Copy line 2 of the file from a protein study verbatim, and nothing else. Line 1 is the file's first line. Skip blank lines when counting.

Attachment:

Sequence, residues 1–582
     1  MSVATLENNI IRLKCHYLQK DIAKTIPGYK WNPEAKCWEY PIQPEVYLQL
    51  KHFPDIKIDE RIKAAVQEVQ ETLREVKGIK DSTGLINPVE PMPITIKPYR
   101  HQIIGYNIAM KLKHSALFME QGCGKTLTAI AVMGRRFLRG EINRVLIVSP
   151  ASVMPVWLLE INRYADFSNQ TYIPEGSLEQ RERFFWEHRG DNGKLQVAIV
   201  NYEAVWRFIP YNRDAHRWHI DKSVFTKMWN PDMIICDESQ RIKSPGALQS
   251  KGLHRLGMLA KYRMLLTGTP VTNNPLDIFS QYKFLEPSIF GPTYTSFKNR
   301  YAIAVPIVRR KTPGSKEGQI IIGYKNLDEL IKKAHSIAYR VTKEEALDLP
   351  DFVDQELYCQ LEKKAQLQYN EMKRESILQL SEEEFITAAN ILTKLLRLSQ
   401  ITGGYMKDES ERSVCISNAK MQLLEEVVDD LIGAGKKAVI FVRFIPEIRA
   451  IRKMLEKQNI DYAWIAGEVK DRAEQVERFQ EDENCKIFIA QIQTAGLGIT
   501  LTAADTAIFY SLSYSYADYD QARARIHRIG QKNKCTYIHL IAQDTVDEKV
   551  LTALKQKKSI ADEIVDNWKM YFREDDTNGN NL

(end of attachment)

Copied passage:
     1  MSVATLENNI IRLKCHYLQK DIAKTIPGYK WNPEAKCWEY PIQPEVYLQL